When the weather’s hot and humid, there’s nothing like a dip in the pool. And while swimming in a pool is one of the best ways to cool off, it certainly isn’t the only option. Whether it’s a day at the beach, a physical therapy session at the gym, a hosing off in the driveway or just splashing around in a plastic kiddy pool in the backyard, getting wet is one of the joys of summertime. For people with special needs, waterplay also has additional benefits you may not have considered. Here are some of the ways in which water can be wonderfully therapeutic.
Increases sensory integration
According to Ilana Danneman, a physical therapist writing for Friendship Circle, “water activities are a tremendous asset to a starved or overactive sensory system. Water can energize, and yet it can also calm.” In the water, people with sensory integration challenges learn to acclimate to water temperature and texture, and may become more comfortable getting water on their faces and in their eyes. These skills can translate into important activities of daily living such as bathing and showering.
Builds strength and flexibility
Wonderbaby.org stresses the value of aquatic therapy for children who are blind or have developmental delays: “Water provides a natural resistance that can increase muscle strength, but this resistance is proportional to the effort exerted against it, so the harder you push or kick, the more of a workout you get. If you can’t push as hard, you get a small work out. The water automatically adjusts to your child’s needs.” Whether your child struggles with high muscle tone or low muscle tone, aquatic therapy is a terrific way to stretch and strengthen muscles.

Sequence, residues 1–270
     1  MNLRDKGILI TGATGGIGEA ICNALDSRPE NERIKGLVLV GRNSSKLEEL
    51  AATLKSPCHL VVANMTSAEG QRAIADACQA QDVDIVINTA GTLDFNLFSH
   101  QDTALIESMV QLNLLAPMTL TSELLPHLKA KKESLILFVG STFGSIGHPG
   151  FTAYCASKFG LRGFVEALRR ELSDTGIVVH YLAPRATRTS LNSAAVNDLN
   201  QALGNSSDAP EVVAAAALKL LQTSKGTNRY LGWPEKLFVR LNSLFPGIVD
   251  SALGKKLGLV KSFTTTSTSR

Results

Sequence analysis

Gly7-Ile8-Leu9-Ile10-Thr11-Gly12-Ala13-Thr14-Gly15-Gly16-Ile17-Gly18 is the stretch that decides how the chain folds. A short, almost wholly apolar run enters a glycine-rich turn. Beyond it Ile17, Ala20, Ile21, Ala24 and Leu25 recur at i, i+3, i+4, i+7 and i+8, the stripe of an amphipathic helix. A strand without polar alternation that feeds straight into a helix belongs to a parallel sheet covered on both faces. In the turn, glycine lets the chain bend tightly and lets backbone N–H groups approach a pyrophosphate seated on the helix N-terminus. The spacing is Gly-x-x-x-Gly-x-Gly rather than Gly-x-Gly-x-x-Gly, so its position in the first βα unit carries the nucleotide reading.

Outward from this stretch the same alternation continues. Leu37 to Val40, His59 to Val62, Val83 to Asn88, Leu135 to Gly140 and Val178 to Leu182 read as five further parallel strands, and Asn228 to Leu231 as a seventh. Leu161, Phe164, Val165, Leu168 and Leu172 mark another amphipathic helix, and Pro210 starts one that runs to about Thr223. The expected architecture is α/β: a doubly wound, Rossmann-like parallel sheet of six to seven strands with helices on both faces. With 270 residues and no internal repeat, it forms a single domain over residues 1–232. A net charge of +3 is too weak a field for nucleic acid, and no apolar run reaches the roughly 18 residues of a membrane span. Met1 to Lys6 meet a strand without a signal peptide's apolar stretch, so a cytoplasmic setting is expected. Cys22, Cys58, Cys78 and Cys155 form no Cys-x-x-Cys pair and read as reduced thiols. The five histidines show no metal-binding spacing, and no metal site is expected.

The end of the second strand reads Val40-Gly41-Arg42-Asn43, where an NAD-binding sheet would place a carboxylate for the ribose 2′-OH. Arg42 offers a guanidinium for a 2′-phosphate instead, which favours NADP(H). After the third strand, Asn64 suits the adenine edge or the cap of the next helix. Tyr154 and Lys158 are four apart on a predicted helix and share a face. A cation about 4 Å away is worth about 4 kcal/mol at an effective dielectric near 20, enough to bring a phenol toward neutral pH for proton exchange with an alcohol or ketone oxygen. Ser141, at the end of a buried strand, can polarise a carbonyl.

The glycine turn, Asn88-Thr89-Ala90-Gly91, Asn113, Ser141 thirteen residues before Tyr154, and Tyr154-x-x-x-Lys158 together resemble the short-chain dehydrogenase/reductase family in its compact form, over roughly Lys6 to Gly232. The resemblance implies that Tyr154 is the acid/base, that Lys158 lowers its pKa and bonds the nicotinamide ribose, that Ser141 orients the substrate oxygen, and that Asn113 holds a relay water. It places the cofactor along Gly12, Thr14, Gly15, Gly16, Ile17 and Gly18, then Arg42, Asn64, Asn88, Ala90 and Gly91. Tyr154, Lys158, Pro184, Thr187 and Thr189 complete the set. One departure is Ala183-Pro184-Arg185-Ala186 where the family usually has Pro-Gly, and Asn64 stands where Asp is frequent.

Improves motor planning skills
Being in the water helps people who face challenges with proprioceptive input, such as those who are blind. “The constant light pressure that surrounds the body in the water is the perfect antidote to this problem,” since that pressure increases body awareness, says Wonderbaby.
Develops balancing skills
Water is a safe place to exercise and to practice balancing since the lack of gravity removes fears of falling on hard surfaces. As Danneman points out, “a baby pool can afford an emergent walker an opportunity to work on gait training and balance skills using a ring or float, much like a floor walker. Kids who are more advanced can walk and play around without the ring.”
Increases socialization and communication opportunities
Water is a great equalizer making it easier for children with mobility challenges to keep up with friends and family members. According to the folks at Kids Craft Room.com, “Water play can be an avenue for children to take their first steps from “playing alongside someone” to actually “playing with someone” as they follow other children’s ideas and join in with them.
Encourages water safety
Swimming lessons are a must for children with disabilities, particularly, children with autism who are prone to wandering. “Tragically, the leading cause of death among individuals with autism after wandering is drowning,” says Autism Speaks. The organization stresses the importance of starting to teach children about water safety and providing swimming lessons as early as possible.